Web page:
Stakeholders canvass protection of students, teachers
• Seek new strategy to revitalise sector
With the disruptive impact of coronavirus pandemic on education, this year’s International Day of Education serves as an avenue for stakeholders to critically examine challenges confronting the sector, and how to better reposition education to meet 21st century demands.
Without inclusive and equitable quality education that enhances opportunities for all, breaking the cycle of poverty and achieving gender equality may remain a big challenge for the country.
According to the UN, 258 million children and youth worldwide, still do not attend school; 617 million children and adolescents cannot read and do basic mathematics, while less than 40 per cent of girls in Africa complete lower secondary school and some four million children and youth refugees are out-of -school. The situation is grim and effort geared towards changing the trend has not yielded the desired result.
This year’s celebration, with the theme, “Recover and revitalise education for COVID-19 generation,” is seen as an opportunity to revive the sector by stepping up collaboration and international solidarity, to place education and lifelong learning at the centre of recovery.
Director General, United Nations Educational, Scientific and Cultural Organisation (UNESCO), Audrey Azoulay, said the world is celebrating the third International Day of Education with the greatest disruption in history to the lives of students, teachers and the entire educational community.
Azoulay said as the pandemic picks up speed again, half the world’s learners continue to face interruption in their schooling and learning.
The UNESCO Chief reminded that at the peak of the pandemic, schools were actually closed to 91 per cent of learners, representing 1.5 billion pupils and students.
“It then became apparent to everyone that education is a global public good and school is more than just a place of learning. It is also a place that provides protection, well-being, food and freedom,” the UNESCO chief stated.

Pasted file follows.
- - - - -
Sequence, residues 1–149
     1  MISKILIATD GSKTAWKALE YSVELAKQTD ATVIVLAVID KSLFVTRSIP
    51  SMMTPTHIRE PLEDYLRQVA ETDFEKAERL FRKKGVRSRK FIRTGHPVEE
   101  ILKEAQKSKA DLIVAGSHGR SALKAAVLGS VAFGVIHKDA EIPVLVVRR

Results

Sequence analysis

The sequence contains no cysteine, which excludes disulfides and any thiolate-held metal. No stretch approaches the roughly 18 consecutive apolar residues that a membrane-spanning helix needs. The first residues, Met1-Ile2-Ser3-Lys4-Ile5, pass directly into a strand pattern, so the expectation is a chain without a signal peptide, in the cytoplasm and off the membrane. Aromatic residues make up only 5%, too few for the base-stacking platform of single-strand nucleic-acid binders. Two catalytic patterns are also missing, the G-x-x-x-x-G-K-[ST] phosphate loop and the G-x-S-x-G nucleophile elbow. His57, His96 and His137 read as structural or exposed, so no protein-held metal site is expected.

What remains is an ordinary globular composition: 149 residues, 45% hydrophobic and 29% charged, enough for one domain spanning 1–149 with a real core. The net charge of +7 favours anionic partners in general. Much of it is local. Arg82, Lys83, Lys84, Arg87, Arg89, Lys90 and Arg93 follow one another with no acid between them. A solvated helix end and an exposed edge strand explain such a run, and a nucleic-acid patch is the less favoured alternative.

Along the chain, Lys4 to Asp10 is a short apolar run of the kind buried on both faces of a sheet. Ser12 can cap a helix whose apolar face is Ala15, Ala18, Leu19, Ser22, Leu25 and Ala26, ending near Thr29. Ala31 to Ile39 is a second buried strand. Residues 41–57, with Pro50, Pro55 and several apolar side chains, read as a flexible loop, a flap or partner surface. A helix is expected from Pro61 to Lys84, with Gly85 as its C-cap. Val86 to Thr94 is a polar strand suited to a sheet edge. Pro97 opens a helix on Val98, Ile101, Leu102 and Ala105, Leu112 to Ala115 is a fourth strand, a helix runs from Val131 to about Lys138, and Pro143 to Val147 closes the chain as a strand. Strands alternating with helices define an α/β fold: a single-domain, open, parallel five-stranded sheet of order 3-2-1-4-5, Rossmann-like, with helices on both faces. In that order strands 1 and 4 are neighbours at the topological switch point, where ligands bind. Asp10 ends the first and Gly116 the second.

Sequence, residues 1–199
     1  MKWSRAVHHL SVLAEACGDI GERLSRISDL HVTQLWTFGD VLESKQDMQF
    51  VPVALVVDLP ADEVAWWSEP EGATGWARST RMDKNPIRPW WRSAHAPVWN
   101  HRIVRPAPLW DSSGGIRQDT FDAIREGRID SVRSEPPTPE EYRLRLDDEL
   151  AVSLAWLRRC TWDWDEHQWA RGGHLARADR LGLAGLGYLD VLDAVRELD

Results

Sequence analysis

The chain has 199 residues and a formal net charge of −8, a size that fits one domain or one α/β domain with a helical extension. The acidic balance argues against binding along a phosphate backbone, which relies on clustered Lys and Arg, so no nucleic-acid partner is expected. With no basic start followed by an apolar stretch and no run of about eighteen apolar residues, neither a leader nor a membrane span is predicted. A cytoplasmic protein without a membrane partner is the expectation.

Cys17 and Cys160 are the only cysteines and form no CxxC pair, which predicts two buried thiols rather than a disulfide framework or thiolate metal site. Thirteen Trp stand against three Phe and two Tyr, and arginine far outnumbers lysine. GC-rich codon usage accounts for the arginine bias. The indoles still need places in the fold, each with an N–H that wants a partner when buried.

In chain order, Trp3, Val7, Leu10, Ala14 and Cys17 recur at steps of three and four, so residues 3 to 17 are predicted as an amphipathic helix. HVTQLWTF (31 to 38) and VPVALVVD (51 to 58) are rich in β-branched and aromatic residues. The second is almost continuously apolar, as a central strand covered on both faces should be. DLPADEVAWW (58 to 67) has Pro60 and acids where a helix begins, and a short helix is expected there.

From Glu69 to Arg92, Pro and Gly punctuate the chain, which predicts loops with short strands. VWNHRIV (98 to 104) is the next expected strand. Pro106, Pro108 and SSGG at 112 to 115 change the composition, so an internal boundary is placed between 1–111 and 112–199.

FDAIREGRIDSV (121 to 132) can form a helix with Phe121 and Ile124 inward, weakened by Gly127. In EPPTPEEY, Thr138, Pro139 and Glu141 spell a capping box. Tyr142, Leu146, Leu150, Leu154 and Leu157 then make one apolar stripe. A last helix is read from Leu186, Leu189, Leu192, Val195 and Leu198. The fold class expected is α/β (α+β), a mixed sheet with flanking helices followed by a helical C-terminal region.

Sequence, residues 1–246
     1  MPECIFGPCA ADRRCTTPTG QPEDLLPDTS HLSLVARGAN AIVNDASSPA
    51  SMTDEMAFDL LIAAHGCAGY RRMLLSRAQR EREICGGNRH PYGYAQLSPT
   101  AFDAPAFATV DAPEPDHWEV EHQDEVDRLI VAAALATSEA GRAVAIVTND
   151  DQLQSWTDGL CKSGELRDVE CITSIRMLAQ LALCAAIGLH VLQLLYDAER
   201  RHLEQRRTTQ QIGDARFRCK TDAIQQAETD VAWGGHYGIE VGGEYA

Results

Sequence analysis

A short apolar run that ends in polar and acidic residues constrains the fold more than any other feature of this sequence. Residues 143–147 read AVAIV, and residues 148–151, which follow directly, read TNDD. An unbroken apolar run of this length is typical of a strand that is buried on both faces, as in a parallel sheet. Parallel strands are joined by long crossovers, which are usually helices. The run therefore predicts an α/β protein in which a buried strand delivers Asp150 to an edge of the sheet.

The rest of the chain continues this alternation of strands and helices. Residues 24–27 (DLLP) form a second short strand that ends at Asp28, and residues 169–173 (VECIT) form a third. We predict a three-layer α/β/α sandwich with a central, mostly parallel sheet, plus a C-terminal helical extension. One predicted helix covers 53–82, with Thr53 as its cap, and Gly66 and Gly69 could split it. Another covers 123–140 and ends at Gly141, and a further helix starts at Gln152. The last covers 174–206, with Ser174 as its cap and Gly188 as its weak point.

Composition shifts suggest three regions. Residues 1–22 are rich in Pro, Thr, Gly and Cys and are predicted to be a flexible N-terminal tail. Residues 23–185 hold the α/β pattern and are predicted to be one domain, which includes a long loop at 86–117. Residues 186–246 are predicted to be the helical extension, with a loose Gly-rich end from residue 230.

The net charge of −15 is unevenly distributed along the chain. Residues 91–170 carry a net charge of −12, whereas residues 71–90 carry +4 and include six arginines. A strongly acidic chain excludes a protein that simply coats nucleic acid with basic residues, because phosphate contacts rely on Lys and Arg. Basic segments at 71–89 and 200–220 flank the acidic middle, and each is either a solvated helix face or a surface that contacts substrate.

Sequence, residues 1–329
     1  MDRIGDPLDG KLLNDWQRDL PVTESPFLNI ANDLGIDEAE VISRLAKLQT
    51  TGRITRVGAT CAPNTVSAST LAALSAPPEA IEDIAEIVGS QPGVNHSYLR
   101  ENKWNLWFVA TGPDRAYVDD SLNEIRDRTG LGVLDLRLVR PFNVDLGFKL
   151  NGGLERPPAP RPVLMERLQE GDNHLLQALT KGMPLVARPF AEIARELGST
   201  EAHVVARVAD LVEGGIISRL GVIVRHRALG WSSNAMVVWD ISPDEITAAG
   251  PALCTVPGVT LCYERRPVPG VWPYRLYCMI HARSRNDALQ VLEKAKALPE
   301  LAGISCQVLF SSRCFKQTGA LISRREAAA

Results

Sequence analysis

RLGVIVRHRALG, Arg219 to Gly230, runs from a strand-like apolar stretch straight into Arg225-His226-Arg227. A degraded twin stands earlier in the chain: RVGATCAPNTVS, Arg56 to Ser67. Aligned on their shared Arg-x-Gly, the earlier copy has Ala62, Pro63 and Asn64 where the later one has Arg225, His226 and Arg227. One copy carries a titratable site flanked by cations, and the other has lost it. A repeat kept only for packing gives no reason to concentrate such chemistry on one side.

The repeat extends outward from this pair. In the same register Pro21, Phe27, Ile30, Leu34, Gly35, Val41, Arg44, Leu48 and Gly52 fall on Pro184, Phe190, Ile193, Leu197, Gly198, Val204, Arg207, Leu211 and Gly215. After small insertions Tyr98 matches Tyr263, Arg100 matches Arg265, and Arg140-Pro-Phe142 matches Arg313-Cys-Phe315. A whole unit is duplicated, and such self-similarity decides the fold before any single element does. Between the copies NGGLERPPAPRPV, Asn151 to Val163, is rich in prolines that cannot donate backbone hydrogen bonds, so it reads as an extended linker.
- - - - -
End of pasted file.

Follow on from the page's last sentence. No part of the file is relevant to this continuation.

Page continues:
According to her, reopening schools, and keeping them open, should be priority, cautioning however that such should be done while fully protecting the health of teachers, pupils and their families. She called on government and international community to consider teachers and education support staff as priority group for vaccination.
Professor of History, University of Lagos (UNILAG) and Pro-Chancellor, Chrisland University, Abeokuta, Prof. Ayodeji Olukoju, while speaking on the theme for this year’s celebration, said to revitalise the sector, stakeholders must understand that education, like every other sector of the nation’s economy, requires planning – short, medium and long term.
Olukoju said the planning would entail consultation, analysing facts, identifying who will do what, when, at what cost and at whose expense, as well as setting of priorities.
“The first thing to do right now is to audit what we have and lack, identify gaps to be filled in the short and longer terms, and prioritise as resources are available. This calls for objectivity, commitment, sincerity and accountability. In this collaborative endeavour, there should be coordination of Federal, state and local Governments, alongside private sector initiatives.
“Facilities, teachers and learning environment are key issues. Each should be provided – new or upgraded facilities, trained and re-trained teachers. In the peculiar circumstances of this pandemic emergency, we need massive and urgent investment in facilities and personnel to handle blended virtual and in-person teaching. This should be done systematically, steadily but circumspectly, Prof Olukoju stated.
Examining how the nation can mobilise intellectual and financial resources to overcome challenges posed by COVID-19 disruption, the former Vice Chancellor of Caleb University, Imota, said federal universities, shut in the wake of the pandemic and strike action by the Academic Staff Union of Universities (ASUU) for over nine months are the worst-hit.
According to him, members of staff and students disconnected for that long should be reconnected, equipment and learning environment should be spruced up, while adjustments made to the new normal of virtual teaching should be expedited. For starters, Olukoju said academic calendar should be adjusted to suit current realities and anticipate exigencies.
He called on government to make special financial provision for this emergency, even if by way of a supplementary budge.
Olukoju added: “There should be exchange of ideas among institutions and stakeholders; and a willingness to adopt and adapt better practices from other institutions, especially private universities, and from other countries in the global south, who are at our level of development.”
Speaking on the increasing number of out -of -school children, Prof Olukoju said Federal Government should lead the process, while states, acting alone or in collaboration with their neighbours, are greater stakeholders.